Are universities doing enough to support students with mental health problems?

Statistics show students are struggling with mental health more than ever. Is your university doing enough to provide for your welfare?

Within just four years the number of student suicides has doubled in women and risen by over a third in men, data from the Office for National Statistics shows. Students are facing intense pressure to succeed under heavy financial burdens due to high tuition fees and a tough job market. Yet long waiting lists for university counselling services dissuade many in need of help from seeking it in the first place.

Suffering from depression and binge eating disorder, Mollie Jones, 19, decided to take a year out from studying at Cambridge.

"By the time I dropped out I was so depressed that I was unable to get out of bed, let alone submit essays," she said. "I waited a month to see my first counsellor but they disregarded my problem, attributing it to my upbringing and relationship with my family. I never went back, feeling unable to talk about my problems."

Mollie eventually transferred to an approachable, patient counsellor who showed a genuine interest in helping with the severity of her situation. Unfortunately, regular appointments meant sacrificing valuable work time. “Life would have been far easier if my college had provided their own counselling service. I regularly had to take two hours out of lectures and reading to trek across town to the central university service,” she explained.

Struggling to fulfil academic commitments while facing mental health problems, Mollie felt pressured to choose between the two. “My Director of Studies strongly encouraged me to take a year out and as a result I grew very insecure about my work. I felt that Cambridge would rather I went home to battle my demons than risk their academic record by fighting them at university. I worry that by the time I return in October, my friends will have moved on.”

Dr Andrew McCulloch, chief executive of the Mental Health Foundation, commented: “Educational outcomes are dependent upon student wellbeing so separating the two is a totally foolish distinction. If universities are looking to maximise their gain in terms of students completing courses with the highest possible grades, they need to look after their welfare. Universities have the knowledge and skills to deal with student mental health but they need to make it a priority.”

The Royal College of Psychiatrists wants to see a formal university mental health policy implemented across the UK, so that students and staff understand the levels of support to expect if they are struggling. Leeds graduate Ed Pinkney, 26, founded Mental Wealth UK in 2010, a national charity that encourages students to set up their own mental health advocacy groups.

He said: “A good mental health policy will include any expectations or restrictions on the number of counselling sessions a student or staff member will be offered, alongside the expected waiting time. While a policy is of course only as good as the degree to which it is policed, without one there are no shared standards for how the mental health of students can be supported.”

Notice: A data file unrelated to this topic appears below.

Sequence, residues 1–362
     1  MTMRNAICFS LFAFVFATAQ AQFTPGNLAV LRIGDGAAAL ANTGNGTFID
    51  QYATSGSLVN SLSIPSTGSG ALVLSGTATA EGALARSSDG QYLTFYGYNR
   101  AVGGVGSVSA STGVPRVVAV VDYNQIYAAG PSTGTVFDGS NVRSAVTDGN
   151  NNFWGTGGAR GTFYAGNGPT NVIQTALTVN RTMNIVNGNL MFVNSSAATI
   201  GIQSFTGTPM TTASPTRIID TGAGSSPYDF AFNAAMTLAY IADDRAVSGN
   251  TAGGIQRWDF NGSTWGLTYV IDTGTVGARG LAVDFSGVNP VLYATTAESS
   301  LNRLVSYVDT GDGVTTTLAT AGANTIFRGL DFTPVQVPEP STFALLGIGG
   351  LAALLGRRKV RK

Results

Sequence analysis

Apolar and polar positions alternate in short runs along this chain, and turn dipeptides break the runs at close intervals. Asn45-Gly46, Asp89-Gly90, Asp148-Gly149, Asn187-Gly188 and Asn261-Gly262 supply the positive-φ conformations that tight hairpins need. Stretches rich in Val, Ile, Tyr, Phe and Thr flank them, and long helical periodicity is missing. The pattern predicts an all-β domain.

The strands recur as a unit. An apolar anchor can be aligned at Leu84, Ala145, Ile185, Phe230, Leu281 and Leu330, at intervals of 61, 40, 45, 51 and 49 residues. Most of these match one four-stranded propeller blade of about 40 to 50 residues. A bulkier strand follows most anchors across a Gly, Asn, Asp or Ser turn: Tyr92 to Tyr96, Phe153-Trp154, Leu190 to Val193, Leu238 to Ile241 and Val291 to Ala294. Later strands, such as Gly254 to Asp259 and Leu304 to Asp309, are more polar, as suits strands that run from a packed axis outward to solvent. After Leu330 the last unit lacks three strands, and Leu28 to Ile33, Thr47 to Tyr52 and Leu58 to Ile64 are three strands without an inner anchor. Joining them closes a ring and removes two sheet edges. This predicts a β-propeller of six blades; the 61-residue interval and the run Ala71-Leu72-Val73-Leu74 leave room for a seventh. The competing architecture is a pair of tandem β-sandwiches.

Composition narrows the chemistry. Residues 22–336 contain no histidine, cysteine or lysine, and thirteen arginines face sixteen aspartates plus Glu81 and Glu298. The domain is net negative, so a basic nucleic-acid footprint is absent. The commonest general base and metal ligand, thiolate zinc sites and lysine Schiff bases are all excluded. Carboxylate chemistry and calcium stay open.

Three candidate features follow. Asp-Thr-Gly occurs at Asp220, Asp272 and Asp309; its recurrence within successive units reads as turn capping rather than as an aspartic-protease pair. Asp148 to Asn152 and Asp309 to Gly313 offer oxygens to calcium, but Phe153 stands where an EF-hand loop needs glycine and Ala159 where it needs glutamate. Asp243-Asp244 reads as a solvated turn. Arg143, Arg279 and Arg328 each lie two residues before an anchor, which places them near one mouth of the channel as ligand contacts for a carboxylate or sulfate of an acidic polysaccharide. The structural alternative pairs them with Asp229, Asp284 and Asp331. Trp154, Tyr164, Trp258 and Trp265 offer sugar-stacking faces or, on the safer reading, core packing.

Funding for student welfare services has remained the same in recent years but budget cuts have led to insufficient supply amid rising demand. Charlotte Snoxall, chair of the Association for University and College Counselling, a division of BACP, has suggested that the increase in students seeking help may in part be due to a decrease in stigma towards counselling, an increase in financial anxiety and improved access and promotion of services through technology. She said: “Research last summer found that 81 per cent of students found counselling helped them stay in their university or college course. Yet with our institutions under a great deal of financial pressure, the breadth of what counsellors can offer is limited. While this does not necessarily translate to a lack of student support, there may be fewer training opportunities available.”

An anonymous student from King’s College London approached her university’s counselling service after experiencing panic attacks. She said, “I was seen within 10 days but when the counsellor recommended I attend a group meeting for students with anxiety I was reluctant. I didn’t feel comfortable with the idea of talking about problems with people who could potentially be in lectures with me for the next four years. I felt confused over whom to turn to next.” 

Rosie Tressler was welfare officer for Nottingham’s Student Union before starting work at Mental Wealth UK. Commenting on the need for an interlinked network of mental health services, she said: "Counselling services at universities across the UK provide students and staff with crucial support. There also needs to be a range of interventions available to students, as different approaches work for different people. Peer support is also important - I found my friends very supportive as we understood where one other was coming from."

University can be an exciting time of growth and new experiences, but also one of isolation and blighted expectations. Too often ‘minor’ issues are merely glanced at and brushed away, with staff failing to acknowledge how such problems and their treatment may be affecting the student. Universities must act now to reverse this psychology, provide a bridge between student support services, and realise the absolute necessity of mental wellbeing if their students are to achieve.

Names have been changed

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